The last Eurosense seminar gave us the opportunity to present an original use of the R3m score in the context of gourmet meals.
You will find below the summary of the intervention and the slideshow presented by Bénédicte Lunel, Associate Director Repères.
Many thanks to Agnès Giboreau and Laura Zerbini from Institut Paul Bocuse for this great collaboration!
In the context of high-end food, such as meals in a gourmet restaurant, traditional consumer tests using rating scales make little distinction between recipes, which are often considered to be all excellent. In addition, recipes are often complex, with many stimuli that contribute to the general judgment: the visual aspect of the plate, the flavour and texture of each component, for example meat, vegetable 1, vegetable 2, sauce, starch...
The objective of this work is to define a way to measure consumer opinion on complex dishes, allowing recipes to be compared and conclusions to be drawn for possible improvements.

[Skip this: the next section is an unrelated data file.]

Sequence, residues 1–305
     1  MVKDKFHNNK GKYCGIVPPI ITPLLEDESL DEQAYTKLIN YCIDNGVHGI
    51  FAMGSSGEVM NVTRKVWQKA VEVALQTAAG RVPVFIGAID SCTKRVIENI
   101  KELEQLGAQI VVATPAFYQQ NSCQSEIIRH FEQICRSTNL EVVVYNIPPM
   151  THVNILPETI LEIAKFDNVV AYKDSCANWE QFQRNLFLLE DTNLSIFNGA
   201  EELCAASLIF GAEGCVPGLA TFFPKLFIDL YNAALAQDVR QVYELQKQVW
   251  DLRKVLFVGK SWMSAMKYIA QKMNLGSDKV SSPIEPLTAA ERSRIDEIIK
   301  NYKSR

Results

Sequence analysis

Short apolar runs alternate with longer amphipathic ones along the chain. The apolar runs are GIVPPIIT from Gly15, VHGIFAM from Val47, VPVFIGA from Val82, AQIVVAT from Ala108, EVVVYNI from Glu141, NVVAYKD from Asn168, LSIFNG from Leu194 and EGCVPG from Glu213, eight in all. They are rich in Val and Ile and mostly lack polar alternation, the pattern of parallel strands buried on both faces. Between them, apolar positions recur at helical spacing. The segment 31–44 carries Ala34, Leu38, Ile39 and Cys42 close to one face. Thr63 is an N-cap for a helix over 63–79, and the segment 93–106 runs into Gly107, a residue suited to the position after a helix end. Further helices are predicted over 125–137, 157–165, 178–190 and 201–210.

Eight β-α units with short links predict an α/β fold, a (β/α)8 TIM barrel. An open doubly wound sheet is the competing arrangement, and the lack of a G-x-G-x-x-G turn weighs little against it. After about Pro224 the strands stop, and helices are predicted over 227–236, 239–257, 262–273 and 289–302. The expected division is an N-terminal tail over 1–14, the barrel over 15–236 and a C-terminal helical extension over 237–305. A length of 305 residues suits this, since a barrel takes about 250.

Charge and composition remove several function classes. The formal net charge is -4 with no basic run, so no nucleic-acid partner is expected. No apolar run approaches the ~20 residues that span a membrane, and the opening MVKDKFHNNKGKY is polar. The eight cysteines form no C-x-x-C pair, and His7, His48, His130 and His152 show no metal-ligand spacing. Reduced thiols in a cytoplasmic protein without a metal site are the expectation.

The method chosen is based on a measure of emotional activation detected in spontaneous language, the underlying assumption being that this approach will be more discriminating than traditional declarative scales of assessment. Consumers are asked to give 3 words to describe their experience of the dish. Then, the R3M score algorithm takes into account the structure of the language: the meaning but also the nature of the word (grammatical, logical, valence...) and the context of verbalization. Consumers also answered the Paul Bocuse Institute's standard questionnaire: overall appreciation of the dish and positive and negative reasons for the appreciation. Regular customers of the restaurant participated in the study (n=120). Four dishes from two menus were evaluated: Creativity Menu and Wellness Menu.
From a general point of view, both methods gave consistent results and show that the Creativity menu was slightly preferred.
The R3m score also detected a difference in assessment between the entries of the two menus, which was not perceptible with the usual assessment scale.
The detailed analysis of spontaneous language also identified associated emotions that were not verbalized in the declarative measures. More specifically, it made it possible to identify certain sensory characteristics that could be adjusted for better satisfaction.